The biography on Roy Harper provided below comes from the Official Roy Harper site. This web page addition to the Pharaohs Den web library only includes biographical information up to the end of the 70's on Roy Harper, to read about his awards and other fascits of how his musical legacy evolved, follow the link below to get the full story on Roy Harper.
Harper was born in the Manchester suburb of Rusholme, England. Following the death of his mother a few weeks after his birth, he lived in Manchester for a few years before the family moved to Lytham St. Annes. He was raised by his father and step-mother, whose Jehovah's Witness beliefs eventually alienated him. Harper's anti-religious views would later become a familiar theme in his music. At the age of 10, he began playing skiffle music with his younger brother, David Harper, as well as being influenced by blues music, jazz and classical. Leaving school when he was 15, he joined the Royal Air Force only to reject its rigid discipline. He managed to feign madness in order to get a discharge. Harper then busked around Europe until 1964 when he returned to England and gained a residency at London's famous Les Cousins folk club in Soho.
His first album, 'The Sophisticated Beggar', was recorded in 1966 after Harper was spotted at the Les Cousins club and signed to Strike Records. It consisted of his sung poetry backed by acoustic guitar using an echoplex tape machine and other effects. CBS Records saw his potential and hired producer Shel Talmy to arrange 'Come out Fighting Genghis Smith', with the 11 minute track 'Circle', marking a widening of Harper's audience away from contemporary folk. Its intended cover was too controversial for CBS at the time, depicting a new born baby, complete with umbilical cord. Unknown to Harper, CBS changed it to a picture of their artwork director's baby, without including the birth scene Harper had intended. Harper and CBS parted company. The cover art was altered to Harper's satisfaction when he regained control of the recording.
Harper recorded 1968's Folkjokeopus with United Artists. Similar to the previous album, one song, on this occasion 'McGooghan's Blues' was 15 minutes long. In those days artists were required to write 3 minute songs with a chorus coming in no later than 30 seconds. At the time, this was the established requirement for radio play. From May, 1968, Harper was making regular appearances at free concerts in London's Hyde Park attracting a cult following of fans from the underground music scene. Harper's first tour of the United States followed the release of the album Flat Baroque and Berserk in 1969 which featured The Nice on one track called "Hell's Angels". Its ethereal sound was achieved by a wah-wah pedal attached to an acoustic guitar. Flat Baroque and Berserk also marks the beginning of Harper's relationship with EMI records, with 8 of his early albums recorded at the Abbey Road Studios and released on EMI's Harvest label. Harvest was formed in 1969 as a response to the growing emergence of 'underground' or 'progressive music'
After the Bath Festival of 1970, Led Zeppelin wrote a song titled 'Hats Off to (Roy) Harper', which appeared on the album Led Zeppelin III. According to Jimmy Page, the band admired the way Harper stood by his principles and did not sell out to commercial pressures. In a mutual appreciation of their work, Harper would often attend live performances by Led Zeppelin over the subsequent decade as well as contribute sleeve photography to the album Physical Graffiti. He also appears, uncredited, in the 1976 film, The Song Remains the Same.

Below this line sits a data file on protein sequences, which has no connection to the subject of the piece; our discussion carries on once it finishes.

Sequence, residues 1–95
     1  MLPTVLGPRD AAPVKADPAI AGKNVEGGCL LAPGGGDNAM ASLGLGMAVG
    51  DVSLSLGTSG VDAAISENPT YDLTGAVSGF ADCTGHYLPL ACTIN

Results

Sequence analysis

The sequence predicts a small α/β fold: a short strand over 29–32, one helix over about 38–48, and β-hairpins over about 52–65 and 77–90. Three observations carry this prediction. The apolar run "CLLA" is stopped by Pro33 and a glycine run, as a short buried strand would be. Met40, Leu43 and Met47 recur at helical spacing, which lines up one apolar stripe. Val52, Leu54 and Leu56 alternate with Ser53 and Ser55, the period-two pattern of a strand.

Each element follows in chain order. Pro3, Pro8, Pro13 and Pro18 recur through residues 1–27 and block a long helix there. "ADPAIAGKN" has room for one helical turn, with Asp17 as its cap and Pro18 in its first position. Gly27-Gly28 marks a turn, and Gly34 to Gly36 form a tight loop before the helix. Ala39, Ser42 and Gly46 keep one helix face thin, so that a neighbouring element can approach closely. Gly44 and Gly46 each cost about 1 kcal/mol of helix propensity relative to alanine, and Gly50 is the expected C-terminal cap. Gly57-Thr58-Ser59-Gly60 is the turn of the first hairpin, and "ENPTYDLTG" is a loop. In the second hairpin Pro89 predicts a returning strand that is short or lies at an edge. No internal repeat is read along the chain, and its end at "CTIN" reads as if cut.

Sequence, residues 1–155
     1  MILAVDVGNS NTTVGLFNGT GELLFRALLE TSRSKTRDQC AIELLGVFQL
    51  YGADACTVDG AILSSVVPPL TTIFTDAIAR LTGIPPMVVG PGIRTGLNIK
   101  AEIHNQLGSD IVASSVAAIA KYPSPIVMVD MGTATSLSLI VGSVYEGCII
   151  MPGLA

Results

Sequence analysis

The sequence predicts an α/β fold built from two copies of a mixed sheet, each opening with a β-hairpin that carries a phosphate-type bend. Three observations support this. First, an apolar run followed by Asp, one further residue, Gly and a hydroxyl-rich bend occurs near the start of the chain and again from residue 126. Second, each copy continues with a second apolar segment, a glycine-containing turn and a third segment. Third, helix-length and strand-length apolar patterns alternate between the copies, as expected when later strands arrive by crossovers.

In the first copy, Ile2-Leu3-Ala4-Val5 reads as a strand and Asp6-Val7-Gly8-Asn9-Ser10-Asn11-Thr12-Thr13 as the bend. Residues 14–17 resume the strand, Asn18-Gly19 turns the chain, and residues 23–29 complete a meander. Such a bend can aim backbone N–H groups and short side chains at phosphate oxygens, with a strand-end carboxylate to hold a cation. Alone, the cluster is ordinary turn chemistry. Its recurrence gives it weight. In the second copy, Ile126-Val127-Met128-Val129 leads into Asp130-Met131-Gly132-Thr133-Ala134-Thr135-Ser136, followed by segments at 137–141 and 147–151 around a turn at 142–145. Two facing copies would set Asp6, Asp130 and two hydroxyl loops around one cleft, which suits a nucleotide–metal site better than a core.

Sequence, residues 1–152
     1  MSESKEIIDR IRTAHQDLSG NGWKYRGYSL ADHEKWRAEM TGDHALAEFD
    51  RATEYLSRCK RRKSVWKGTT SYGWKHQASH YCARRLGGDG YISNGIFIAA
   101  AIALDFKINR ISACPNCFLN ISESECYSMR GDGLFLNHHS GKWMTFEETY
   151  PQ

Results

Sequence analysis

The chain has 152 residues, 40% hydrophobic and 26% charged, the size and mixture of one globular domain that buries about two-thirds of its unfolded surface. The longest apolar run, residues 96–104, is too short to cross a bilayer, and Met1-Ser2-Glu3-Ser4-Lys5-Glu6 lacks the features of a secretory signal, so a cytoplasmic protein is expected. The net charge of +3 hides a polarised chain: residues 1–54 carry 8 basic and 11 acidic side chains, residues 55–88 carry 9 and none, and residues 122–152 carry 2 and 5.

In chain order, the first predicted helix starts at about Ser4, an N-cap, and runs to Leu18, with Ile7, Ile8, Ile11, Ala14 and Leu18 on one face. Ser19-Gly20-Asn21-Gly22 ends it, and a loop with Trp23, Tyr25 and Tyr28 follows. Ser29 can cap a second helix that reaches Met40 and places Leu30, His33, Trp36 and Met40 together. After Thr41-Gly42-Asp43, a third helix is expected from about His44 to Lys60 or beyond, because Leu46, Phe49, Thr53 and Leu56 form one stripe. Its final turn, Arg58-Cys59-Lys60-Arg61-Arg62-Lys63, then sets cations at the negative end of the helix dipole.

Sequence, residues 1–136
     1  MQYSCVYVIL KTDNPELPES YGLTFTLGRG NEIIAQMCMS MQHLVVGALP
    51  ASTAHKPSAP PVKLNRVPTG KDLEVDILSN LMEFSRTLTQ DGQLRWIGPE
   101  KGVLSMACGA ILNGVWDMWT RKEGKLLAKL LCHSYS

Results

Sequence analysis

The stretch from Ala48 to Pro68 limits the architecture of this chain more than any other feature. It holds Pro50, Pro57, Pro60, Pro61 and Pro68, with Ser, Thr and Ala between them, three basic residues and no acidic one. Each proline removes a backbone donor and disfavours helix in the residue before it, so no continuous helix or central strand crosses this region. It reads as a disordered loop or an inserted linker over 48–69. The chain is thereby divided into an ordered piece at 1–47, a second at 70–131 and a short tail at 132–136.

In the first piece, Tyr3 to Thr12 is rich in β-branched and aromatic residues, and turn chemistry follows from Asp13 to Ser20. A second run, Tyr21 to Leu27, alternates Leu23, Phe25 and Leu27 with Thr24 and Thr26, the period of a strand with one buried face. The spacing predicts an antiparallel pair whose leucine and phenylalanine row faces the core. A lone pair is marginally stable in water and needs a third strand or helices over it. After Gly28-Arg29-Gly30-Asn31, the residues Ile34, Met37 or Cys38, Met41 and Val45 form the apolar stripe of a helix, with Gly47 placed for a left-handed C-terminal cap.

Harper's 1970 critically acclaimed album was the four song epic, Stormcock, featuring Jimmy Page on guitar (credited as 'S. Flavius Mercurius') and David Bedford's orchestral arrangements. David Bedford would collaborate on future releases. In 1972, Harper made his acting debut playing Mike Preston alongside Carol White in the John Mackenzie film 'Made'. The soundtrack for this film appeared in the following year with the title 'Lifemask'. His next album 'Valentine', was released on Valentine's Day, 14 February 1974 and featured contributions from guitarist Jimmy Page. A concert to mark its release was held at London's Rainbow Theatre with Page, Bedford, Ronnie Lane on bass and Keith Moon on drums. The live album 'Flashes From The Archives Of Oblivion' soon followed.
Between 1975 and 1978, Harper spent considerable time in the United States. Pink Floyd's 1975 release 'Wish You Were' Here saw Harper as lead vocalist on the song 'Have a Cigar'. Floyd's David Gilmour returned the favour by appearing on Harper's next album, 'HQ', along with Harper's occasional backing band called Trigger (Chris Spedding on guitar, Dave Cochran on bass guitar, and Bill Bruford on drums) along with Led Zeppelin's John Paul Jones. The single 'When An Old Cricketer Leaves The Crease', taken from the album, is Harper's biggest selling and best known solo record to date. Harper also co-wrote the song, 'Short and Sweet' with Gilmour for Gilmour's first solo record released in 1978. He performed the song live with Gilmour at least once in the 80s singing the lead vocal.
Controversy followed the release of 1977's Bullinamingvase, with Watford Gap service station objecting to the lyrics in the song 'Watford Gap', which criticised their food ("Watford Gap, Watford Gap / A plate of grease and a load of crap..."). Harper was forced under duress to drop it from future UK copies of the album, though it reappeared on a later CD reissue and remained on the U.S. LP. Bullinamingvase also featured 'One of Those Days in England', with backing vocals by Paul McCartney and Linda McCartney, which became a Top 40 hit. 'Flat Baroque And Berserk', 'Lifemask', 'Valentine', 'Flashes from the Archives Of Oblivion', 'HQ' and 'Bullinamingvase' were all top 20 albums. For much of the seventies, Harper co-produced his records with Peter Jenner, who was also his manager